The first day of Spring is only a couple of weeks away but we are still being slammed with snow and cold temperatures in Maine. When we were in Switzerland a few years ago we saw the most magical snow showers in Gruyères, the flakes were so fluffy and falling in slow motion they didn’t seem real.
When Andrew and I went on an epic road trip across France into Switzerland in 2015 one of our must dos was to have fondue in Switzerland. We took a little day trip to Gruyères from Lausanne because if you’re going to have fondue in Switzerland you need to have it where they make the main ingredient!
Gruyères is a medieval town with foot traffic only. There is a large parking lot at the base of a high hill and you must walk up to the small town. We explored the chateau or castle that was perched at the top that was built in the 13th century. The Grue, or crane, was represented on the flag and on many windows in the chateau and was what inspired the name Gruyères.
After exploring the chateau and a few of the stores we popped into Le Chalet for lunch. It was super cute inside and they had exactly what we wanted on the menu. The fondue was ridiculous! We got fondue for two and it came with more food then we could possibly eat. A basket of potatoes, pearl onions, crusty bread, carrots, a meat plate, pickles…just so much food. Andrew was very happy.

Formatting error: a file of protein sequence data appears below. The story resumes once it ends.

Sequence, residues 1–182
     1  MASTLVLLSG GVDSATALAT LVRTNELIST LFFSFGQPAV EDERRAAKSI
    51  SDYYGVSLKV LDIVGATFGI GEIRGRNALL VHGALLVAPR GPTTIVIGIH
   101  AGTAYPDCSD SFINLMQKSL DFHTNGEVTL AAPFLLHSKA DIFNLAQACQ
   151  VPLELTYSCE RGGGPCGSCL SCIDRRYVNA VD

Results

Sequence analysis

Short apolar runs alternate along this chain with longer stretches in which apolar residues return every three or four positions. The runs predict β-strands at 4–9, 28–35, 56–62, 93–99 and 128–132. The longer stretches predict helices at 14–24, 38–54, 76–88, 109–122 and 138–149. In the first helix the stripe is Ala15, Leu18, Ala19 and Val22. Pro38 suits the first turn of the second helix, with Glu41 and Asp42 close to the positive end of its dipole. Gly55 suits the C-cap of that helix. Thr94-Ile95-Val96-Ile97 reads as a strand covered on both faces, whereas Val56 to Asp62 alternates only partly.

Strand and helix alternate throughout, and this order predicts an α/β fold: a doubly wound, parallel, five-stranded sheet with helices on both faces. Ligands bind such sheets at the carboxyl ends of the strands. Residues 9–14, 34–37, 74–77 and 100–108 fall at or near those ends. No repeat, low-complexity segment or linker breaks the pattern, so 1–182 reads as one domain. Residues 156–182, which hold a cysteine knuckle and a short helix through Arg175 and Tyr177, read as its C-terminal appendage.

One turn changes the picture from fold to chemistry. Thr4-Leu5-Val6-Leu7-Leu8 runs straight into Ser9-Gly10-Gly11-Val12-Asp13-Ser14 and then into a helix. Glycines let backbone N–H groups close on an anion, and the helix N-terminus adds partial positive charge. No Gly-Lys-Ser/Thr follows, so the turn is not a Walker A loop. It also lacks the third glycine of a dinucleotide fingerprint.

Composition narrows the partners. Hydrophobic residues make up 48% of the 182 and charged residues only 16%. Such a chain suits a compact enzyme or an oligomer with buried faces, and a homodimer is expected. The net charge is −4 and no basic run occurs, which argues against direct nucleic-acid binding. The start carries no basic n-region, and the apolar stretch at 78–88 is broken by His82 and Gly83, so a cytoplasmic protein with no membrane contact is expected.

Snowy days like today bring me back to that magical snowfall and gooey fondue that we had in Gruyères. It is such a special place and one of the most beautiful little villages we have visited.
As you know, Andrew loves to cook and it quite good at it. The fondue we had in Gruyères was quite similar to one that he’s been making for years. It’s so comforting on a snowy day.
Andrew’s Swiss Fondue
- 1 garlic clove, halved
- 1 pound Gruyère cheese, grated
- 1/2 pound Emmentaler cheese, grated
- 1 cup dry white wine
- 1 tablespoon plus 1 teaspoon cornstarch
- 1 teaspoon fresh lemon juice
- 1 1/2 tablespoons kirsch
- Freshly ground pepper
- Freshly grated nutmeg
Rub the inside of a cheese fondue pot or medium pot with the garlic clove. Combine the grated Gruyère and Emmentaler with the white wine, cornstarch and lemon juice, cook over moderate heat, stirring occasionally. When the cheeses begin to melt add the kirsch and a large pinch of pepper and nutmeg. Stir gently, until creamy and smooth, about 10 minutes; don’t overcook!
Serve with good crusty bread and veggies of your choice (cauliflower,broccoli, and steamed fingerlings are excellent)